Origin of Easter holiday dates back to the Pagan times. Read about the story related to Easter history.

Easter History

Easter marks the final day of the liturgical period in the Christian calendar. It is the end of month long fasting, prayers and the repentance for one's sins. It was only in the second half of the 2nd century when the festival was first celebrated in Rome. It then went on to gain much importance amongst non-Jewish communities. According to the Old Testament, Easter is associated with the Egyptian Passover, which relates to the story of Exodus. The Bible states that God assisted his children by freeing them from slavery by bringing the ten plagues onto the members of the royal family of Egypt. However, in the New Testament the meaning of Easter took a new road since it was seen as a sign of the resurrection of Jesus Christ. As seen in the Last Supper, Jesus identified the cup of wine and bread, the wine was his blood that he shed and the bread referred to his mortal corpse that he left behind. When Jesus rose from his death after his crucifixion on the third day, this day came to be celebrated as Easter Sunday or Resurrection Day.

Many believe that Easter is a convergence of Semitic, Rome, Celtic and German cultures. Several historians cite that the significance and the traditions of Easter are derived from these European cultures. The word Easter and Pascha (Passover) is commonly used in many old European languages. It is also believed that the name 'Easter' originated from the Anglo-Saxon month known as "Eostur-monath".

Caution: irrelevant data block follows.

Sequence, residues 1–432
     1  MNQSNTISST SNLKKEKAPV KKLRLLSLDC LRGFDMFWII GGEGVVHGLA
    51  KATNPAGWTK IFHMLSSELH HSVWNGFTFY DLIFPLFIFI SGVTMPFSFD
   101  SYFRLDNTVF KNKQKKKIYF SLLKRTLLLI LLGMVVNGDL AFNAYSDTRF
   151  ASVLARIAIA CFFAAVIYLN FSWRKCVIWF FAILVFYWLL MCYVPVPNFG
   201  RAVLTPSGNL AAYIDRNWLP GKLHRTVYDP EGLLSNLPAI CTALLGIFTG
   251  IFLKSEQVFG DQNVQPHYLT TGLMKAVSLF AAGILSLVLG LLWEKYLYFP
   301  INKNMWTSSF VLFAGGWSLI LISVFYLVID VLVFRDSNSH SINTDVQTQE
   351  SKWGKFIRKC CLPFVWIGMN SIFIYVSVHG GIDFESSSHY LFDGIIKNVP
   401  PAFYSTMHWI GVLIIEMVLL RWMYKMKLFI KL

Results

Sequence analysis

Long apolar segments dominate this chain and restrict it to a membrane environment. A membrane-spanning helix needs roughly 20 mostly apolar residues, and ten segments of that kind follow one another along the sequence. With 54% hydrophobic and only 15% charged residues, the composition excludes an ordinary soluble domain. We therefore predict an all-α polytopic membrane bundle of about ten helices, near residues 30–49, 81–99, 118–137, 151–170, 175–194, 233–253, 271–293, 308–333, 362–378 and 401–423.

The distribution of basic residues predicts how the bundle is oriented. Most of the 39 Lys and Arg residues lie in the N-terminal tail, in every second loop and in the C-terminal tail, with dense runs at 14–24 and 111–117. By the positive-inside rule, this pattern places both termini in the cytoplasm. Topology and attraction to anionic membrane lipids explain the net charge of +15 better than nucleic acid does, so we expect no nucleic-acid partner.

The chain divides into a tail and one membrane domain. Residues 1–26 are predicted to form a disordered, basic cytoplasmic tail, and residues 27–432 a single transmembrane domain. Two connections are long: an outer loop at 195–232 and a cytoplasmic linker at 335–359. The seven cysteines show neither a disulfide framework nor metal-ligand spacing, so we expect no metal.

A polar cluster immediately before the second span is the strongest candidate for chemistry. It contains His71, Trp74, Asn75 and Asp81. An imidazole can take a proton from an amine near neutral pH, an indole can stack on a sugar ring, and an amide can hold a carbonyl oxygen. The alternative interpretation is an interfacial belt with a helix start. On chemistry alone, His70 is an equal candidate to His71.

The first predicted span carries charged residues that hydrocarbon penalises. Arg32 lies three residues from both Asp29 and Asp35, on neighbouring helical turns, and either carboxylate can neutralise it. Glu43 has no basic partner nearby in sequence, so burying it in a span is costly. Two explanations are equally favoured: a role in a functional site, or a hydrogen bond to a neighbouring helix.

The practice and beliefs among western Christians state that Easter is celebrated at the end of the Lent period. The week before Easter celebrations actually begin is considered to be the most auspicious week for Christians all over the world. This important week is known as the 'Holy Week'. The Friday before Easter Sunday is known as Good Friday, while the Saturday before Easter Sunday is known as Salient Saturday or Holy Saturday. Different Christian sects begin their celebrations from the beginning of the week, while others commence it on Salient Saturday. This celebration is known as the Easter Vigil. In Eastern Christianity, this festival is celebrated differently and usually commences on a Monday and continues for forty day before it ends with the grand feast on Easter Sunday.

The date of Easter has always been under speculation, as there are different dates in different calendars. In the west, most churches adopt the Georgian calendar while the Julian almanac is followed in the east. However, due to a constant difference in dates, many churches in the eastern part of the globe prefer to stick to the Georgian almanac. Across the globe, there are different traditions that are being practiced and that are unique to that particular region. From Sunday mass in England to women spanking customs in Czech Republic and Slovakia, Easter certainly has an interesting blend of old and new age traditions that are surprisingly still followed with great zeal and vigor.